The end of the year is rapidly approaching and we’re running out of big-ticket CS:GO tournaments to enjoy. This means that the meme machines and stumbling squads also need to make use of this last opportunity to end the season on a high. G2 fans won’t enjoy looking back at the highlights of 2022, but there’s still one last chance of redemption.

Bad results. Bad results everywhere

G2’s set of results in 2022 make for grim reading for an org of its stature. No title wins and just a single grand final appearance – back in the end of February in Katowice, where this time it was FaZe and not NAVI who 3-0’d them – and disappointment after disappointment since then. ESL Pro League Season 15, the Antwerp Major, Dallas, Cologne, hell, add Rio to the list by way of their absence: for such a star-studded squad with so much firepower, this year has been shockingly poor for G2.

Worse still, the two decent results (3-4th finishes at the BLAST Premier Spring Finals and ESL Pro League Season 16) came close to each other, the first at the tail end of Aleksib’s tenure and the second shortly after HooXi’s addition, who then went on to lead the team to a disastrous RMR. Coach XQTZZZ is gone, and who knows how long the new IGL will survive: lucky for them, Fluxo seem like a lock-in for the last-place finish in Group B, leaving NAVI and Liquid as their opponents for the better playoff seeding.

There’s also the spicy storyline of their former in-game leader on the other side of the bracket: NIP are looking to get out from Group A at the expense of either FaZe, Heroic or – oh la la – OG. The new-look Ninjas followed up a great RMR with a poor Major, and this would be a great time to showcase something great now that Aleksib had the time to implement his protocol-heavy stratbook.

Looking for a pick-me-up?

Not that others are coming into the event in a strong state: FaZe also have a lot of questions to answer. Say what you will about how the brackets shook out in Rio (and there are certainly valid reasons to criticize the format), karrigan was the architect of his own downfall against BNE with a questionable veto pick and some volatile mid-round calls in crucial moments on Mirage.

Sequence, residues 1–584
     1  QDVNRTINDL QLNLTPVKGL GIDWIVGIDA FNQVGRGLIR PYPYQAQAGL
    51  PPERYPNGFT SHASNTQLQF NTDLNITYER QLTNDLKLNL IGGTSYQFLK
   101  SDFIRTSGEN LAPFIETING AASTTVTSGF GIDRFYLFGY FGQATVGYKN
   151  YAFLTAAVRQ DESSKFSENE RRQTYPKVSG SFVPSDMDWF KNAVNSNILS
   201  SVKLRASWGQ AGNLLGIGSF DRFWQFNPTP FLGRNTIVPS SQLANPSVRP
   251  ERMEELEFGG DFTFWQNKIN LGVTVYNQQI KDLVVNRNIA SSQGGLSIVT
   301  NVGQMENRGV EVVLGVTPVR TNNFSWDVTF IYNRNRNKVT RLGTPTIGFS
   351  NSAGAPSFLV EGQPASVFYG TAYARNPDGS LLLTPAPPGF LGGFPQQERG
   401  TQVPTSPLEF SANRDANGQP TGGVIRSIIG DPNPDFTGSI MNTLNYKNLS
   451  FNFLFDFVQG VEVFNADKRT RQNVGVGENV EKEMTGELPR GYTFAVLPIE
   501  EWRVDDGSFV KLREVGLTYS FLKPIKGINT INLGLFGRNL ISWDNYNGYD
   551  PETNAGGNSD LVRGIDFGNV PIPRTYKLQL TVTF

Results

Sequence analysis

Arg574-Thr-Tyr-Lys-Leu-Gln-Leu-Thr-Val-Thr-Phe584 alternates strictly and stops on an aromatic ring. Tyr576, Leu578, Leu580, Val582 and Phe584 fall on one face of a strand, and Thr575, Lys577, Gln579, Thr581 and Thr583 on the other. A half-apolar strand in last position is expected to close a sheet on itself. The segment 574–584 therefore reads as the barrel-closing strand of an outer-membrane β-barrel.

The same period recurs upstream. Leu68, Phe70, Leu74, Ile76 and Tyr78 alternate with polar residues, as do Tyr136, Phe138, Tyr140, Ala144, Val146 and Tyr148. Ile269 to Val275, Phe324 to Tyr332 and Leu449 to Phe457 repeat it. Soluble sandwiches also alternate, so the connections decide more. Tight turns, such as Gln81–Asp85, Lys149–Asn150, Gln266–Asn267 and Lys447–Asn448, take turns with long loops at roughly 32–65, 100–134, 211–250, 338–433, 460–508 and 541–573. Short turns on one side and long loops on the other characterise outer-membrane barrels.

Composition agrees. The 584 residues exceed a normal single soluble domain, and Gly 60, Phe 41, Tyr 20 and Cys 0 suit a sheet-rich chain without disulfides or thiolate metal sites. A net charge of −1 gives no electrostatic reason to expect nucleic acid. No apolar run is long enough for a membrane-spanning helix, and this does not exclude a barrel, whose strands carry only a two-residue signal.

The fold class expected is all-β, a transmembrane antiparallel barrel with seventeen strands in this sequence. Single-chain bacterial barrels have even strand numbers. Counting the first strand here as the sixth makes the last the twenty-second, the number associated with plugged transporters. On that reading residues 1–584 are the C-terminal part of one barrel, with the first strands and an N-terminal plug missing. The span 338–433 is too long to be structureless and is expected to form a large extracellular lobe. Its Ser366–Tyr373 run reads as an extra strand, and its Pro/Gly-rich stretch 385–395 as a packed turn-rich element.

The team has not been anywhere near its pristine pre-break form since the players returned to active duty, and though they already have their spot secured for the World Final thanks to their victory in Antwerp, they are way too far off the pace currently. Father Time will not stop bearing down on karrigan and this is as good a setup as he can dream of to maintain his place on top of the leaderboards.

And what about NAVI? What’s next for the roster and what went wrong for s1mple in Rio? How long will sdy last on the team (not long, if OverDrive is to be believed) and what’s up with the IGL situation? So many questions – no good answers in sight. Every passing event will give us a better idea of the next steps of the org.

There are further wrinkles in this tale. Besides the direct invitation to the World Finals bestowed to the winner, there are also three spots on offer based on the global leaderboard. This, plus the fact that FaZe, NAVI and Vitality already secured their spots based on big event wins elsewhere in the circuit, means that not all teams have something to play for.

Heroic, OG and G2 all seem to be in a great position to qualify via one of the three spots, but Team Liquid and NIP can still shake up the proceedings. With 4000 points up for grabs for the winners, upset outcomes are still quite possible.

BLAST Premier Fall Final: schedule and format

All CS:GO matches are best-of-three in the tournament in the BLAST Premier Fall Final. Two 4-team double-elimination groups seed the teams into the playoffs (winners go to the semifinals, the runners-up and third-place finishers go to the quarterfinals while the teams on the bottom get eliminated. The winner of the playoff bracket directly qualifies for the World Finals while the rest of the teams earn points for the leaderboards.

The group stage runs on November 23 and 24, and the playoffs play out between the 25th and the 27th. A prize pool of $425 000 is up for grabs in Copenhagen’s Royal Arena, with the eventual winner getting half of the spoils.

The event feeds into the World Final, which will take place between December 14 and 18. NAVI, FaZe Clan, Team Vitality and Outsiders are already confirmed for the year-ending bonanza of CS. There, the teams will battle it out for their share of a cool million dollars.

Photo credit: HLTV / theMAKKU